The City of Ottawa Energy Evolution Program has set a goal for the City to achieve carbon neutrality by 2050 and for City’s corporate operations to achieve carbon neutrality by 2040. One key need within this plan is for buildings and infrastructure to move to zero carbon heating using a range of viable technologies including air source heat pumps, ground source heat pumps, district energy systems that in turn have low carbon thermal supplies, and waste heat recovery. Within these options, WET systems were identified as a potentially sizable new opportunity that the municipality in particular will hold a role.
J.L. Richards & Associates Limited was retained by the City of Ottawa to provide a scoping study of the resource potential and viable use cases for implementing below-ground thermal energy resources from Ottawa’s sewer system and aquifer systems. The following is a summary of the findings of the study.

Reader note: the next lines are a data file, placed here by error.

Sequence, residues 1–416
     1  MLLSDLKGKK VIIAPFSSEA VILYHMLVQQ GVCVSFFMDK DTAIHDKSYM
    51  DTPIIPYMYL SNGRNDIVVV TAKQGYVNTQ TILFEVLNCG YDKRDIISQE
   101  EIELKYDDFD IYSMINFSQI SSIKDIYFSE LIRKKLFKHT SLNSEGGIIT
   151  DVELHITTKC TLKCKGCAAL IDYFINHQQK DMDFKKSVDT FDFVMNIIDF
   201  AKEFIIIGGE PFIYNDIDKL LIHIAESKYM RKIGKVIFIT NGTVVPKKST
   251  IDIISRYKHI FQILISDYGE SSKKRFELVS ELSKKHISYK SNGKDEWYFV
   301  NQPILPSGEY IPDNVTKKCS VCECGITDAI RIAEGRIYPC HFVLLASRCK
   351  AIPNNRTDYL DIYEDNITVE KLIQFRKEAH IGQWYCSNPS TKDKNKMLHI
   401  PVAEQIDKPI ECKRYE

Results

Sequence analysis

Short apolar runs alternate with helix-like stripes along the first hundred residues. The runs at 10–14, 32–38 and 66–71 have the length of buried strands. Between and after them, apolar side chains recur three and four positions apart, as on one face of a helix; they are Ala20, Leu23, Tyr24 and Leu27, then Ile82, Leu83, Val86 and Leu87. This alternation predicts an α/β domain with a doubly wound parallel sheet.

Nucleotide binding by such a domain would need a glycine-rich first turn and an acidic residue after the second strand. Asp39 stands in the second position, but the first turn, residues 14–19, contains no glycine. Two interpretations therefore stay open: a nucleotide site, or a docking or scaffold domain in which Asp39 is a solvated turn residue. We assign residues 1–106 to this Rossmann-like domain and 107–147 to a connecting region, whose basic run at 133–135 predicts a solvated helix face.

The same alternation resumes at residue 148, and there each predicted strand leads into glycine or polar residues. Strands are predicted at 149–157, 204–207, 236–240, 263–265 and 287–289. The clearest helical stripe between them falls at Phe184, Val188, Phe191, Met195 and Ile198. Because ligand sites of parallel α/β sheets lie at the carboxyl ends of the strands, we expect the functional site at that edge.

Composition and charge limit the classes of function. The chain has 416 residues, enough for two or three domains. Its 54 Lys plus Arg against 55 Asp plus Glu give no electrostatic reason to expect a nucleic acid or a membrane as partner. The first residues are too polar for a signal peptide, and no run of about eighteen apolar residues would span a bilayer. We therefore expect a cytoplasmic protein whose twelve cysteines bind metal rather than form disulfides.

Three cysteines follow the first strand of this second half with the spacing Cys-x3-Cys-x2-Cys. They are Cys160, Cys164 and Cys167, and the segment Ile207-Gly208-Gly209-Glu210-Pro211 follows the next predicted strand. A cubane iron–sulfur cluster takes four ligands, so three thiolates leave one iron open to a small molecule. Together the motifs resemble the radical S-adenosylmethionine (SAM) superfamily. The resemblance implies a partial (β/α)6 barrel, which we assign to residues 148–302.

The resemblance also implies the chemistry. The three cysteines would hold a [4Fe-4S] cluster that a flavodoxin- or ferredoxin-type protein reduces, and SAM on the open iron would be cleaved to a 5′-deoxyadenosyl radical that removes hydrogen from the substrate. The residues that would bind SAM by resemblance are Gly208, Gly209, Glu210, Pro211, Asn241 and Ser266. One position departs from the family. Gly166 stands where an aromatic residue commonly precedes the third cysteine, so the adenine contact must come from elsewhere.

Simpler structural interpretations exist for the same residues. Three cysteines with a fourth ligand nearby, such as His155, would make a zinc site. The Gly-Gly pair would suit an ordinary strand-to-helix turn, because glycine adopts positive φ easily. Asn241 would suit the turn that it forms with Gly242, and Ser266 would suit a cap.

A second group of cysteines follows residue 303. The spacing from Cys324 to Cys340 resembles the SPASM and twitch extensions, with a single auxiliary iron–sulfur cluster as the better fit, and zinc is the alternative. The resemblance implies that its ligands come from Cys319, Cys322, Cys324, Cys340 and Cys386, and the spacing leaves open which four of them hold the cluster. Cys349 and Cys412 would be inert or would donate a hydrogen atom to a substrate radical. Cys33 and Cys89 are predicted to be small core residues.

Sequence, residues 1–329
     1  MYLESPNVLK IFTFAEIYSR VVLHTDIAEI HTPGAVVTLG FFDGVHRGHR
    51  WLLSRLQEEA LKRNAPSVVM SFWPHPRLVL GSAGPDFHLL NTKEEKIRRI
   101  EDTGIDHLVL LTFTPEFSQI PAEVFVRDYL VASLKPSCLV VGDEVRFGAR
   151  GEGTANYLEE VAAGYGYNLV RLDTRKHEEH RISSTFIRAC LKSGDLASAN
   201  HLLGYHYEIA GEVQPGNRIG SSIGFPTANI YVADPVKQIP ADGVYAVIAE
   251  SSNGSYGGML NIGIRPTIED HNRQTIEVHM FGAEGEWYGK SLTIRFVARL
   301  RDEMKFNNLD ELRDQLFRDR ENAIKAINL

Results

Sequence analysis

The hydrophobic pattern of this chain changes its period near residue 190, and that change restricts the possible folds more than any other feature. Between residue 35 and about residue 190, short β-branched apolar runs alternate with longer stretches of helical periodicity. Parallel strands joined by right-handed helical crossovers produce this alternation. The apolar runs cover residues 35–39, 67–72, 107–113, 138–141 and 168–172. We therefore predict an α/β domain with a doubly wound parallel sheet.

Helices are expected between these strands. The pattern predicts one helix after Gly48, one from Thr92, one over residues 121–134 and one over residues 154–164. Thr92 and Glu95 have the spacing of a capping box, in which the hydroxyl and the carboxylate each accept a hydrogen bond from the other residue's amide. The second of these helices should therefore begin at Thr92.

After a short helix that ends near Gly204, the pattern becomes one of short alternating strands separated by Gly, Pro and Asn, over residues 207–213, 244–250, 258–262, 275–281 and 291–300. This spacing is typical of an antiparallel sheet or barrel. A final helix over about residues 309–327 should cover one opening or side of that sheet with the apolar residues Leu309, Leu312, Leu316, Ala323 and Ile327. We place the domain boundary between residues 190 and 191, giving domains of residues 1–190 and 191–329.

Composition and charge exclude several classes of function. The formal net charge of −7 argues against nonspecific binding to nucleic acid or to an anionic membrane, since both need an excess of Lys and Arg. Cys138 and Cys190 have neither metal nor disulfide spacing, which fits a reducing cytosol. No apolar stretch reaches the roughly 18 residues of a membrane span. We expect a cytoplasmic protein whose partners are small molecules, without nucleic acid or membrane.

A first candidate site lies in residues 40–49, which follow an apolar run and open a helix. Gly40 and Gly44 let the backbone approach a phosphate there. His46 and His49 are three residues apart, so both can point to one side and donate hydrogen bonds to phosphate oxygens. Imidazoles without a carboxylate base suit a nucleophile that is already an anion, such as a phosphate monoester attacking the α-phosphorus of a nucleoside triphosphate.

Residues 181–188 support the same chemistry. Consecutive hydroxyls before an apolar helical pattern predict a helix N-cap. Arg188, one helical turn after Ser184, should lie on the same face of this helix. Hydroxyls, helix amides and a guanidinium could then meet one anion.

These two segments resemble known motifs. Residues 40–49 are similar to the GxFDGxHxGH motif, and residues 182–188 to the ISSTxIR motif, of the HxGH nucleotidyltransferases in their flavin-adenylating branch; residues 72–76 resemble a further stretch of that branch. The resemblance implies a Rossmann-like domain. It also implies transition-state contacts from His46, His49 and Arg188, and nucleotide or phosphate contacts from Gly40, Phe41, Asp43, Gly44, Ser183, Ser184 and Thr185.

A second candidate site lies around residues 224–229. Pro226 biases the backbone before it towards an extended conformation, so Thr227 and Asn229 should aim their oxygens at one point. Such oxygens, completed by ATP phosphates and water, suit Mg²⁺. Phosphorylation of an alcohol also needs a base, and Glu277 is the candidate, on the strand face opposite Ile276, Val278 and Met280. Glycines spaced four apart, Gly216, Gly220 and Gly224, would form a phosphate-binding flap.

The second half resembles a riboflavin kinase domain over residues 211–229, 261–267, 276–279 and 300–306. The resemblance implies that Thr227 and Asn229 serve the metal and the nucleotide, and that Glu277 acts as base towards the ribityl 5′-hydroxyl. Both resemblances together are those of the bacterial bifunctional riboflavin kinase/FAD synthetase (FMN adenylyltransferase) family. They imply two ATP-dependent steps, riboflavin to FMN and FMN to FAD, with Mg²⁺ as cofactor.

There are four different types of WET systems:
- using the drainpipes within a building;
- using the building’s main sanitary drain;
- using municipal sewage collection systems; and
- using the wastewater treatment plant effluent.
The first two are typically used for domestic hot water preheating and heating, respectively, while the latter two can be used for space heating and cooling of facilities. Within our study, we examined WET systems that couple with municipal wastewater pipes.
Key Thermal Parameters of Wastewater Systems
Sewage flow and sewage temperature are two key parameters that must be investigated when considering the sewage collection system as a thermal resource.